Biomolecular chemist Paul J. Bertics dies at 55
The school community of faculty, staff and students widely regarded Bertics as a special person.
“His dedication and loyalty to his students, colleagues and school was legendary,” said Robert N. Golden, dean of the school. “His smile and good humor immediately lit up any room he entered.”
Bertics was a top-tier researcher based in the Department of Biomolecular Chemistry, an educator who taught all levels of students and a long-time leader on the school’s admissions committee.
A humble man, he often said he was honored to be able to participate in the selection of future generations of physicians. He was chair of the admissions committee when he died.
Bertics joined the UW faculty in 1986 and was the Kellett Professor of Biomolecular Chemistry at his death. He was a member of the Executive Committee of the UW Carbone Cancer Center, serving as leader of the Cancer Cell Biology Program, and co-director in the Material Sciences Research Center in the School of Engineering.
The Bertics research program focused on understanding the regulation of cell proliferation and function by growth factors, cytokines and bacterial toxins. The work had direct application to understanding the events that are involved in the development of cancer as well as the mechanisms associated with the immune response generated following bacterial infections. His work was supported most recently by five National Institutes of Health grants and a National Science Foundation grant.
The quality of his research earned Bertics the Inbusch Award for Meritorious Research, the Eli Lilly Biochemistry Award and the Kellett Award. Early in his career he was given the March of Dimes Basil O’Connor Starter Scholar Research Award and a Shaw Scholar Award from the Milwaukee Foundation.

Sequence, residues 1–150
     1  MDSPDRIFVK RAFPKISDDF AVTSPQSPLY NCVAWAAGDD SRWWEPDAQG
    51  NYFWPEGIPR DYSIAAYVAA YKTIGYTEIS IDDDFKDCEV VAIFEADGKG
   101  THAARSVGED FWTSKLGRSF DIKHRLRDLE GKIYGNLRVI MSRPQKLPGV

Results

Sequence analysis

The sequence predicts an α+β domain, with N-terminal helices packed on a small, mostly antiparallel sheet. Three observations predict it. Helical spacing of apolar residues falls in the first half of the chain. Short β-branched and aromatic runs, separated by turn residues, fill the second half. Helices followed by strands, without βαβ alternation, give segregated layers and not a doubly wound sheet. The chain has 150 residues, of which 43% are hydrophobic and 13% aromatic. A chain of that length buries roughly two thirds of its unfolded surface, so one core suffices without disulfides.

Bertics was a member of several editorial boards and major grant review panels and served on international grant review panels, including the Arthritis Research Campaign (UK), the US-Israel Binational Science Foundation, the Wellcome Trust (UK), the Medical Research Council (UK) and the Alberta Herit McCafferty Grant Program (Canada).
As an educator, Bertics taught extensively at the undergraduate, graduate and medical school levels. His teaching ability was widely praised. He was given the UW Chancellor’s Distinguished Teaching Award and many School of Medicine and Public Health awards, including the student-selected Teaching Award, the Distinguished Teaching Award, the Dean’s Teaching Award and the Medical Student Association Pacemaker Award For Teaching Excellence (twice).
Bertics served his school and university in many additional ways. He was chair of the UW Biological Sciences Divisional Executive Committee, the WARF Fellowship Committee, the UW Distinguished Teaching Awards Committee and the Medical School Research Committee, among many others.
A native of California, Bertics earned his bachelor’s degree in 1978 from the University of California, Los Angeles and his Ph.D. in 1984 from UW–Madison. Before joining the UW faculty, he did post-doctoral work at the University of California, San Diego.
Bertics was an avid fisherman who knew all the best trout streams in Dane County. He and his wife, Sandy, canoed the Boundary Waters each summer. He liked gardening and clearing wood from the two acres of trees on his property.
He played guitar since his high school days, and continued to play until his death. He was extremely interested in electronics. In recent years he had taken up restoring tube radios to perfect working condition. He joked that he could always fall back on refurbishing old radios if the science thing didn’t work out.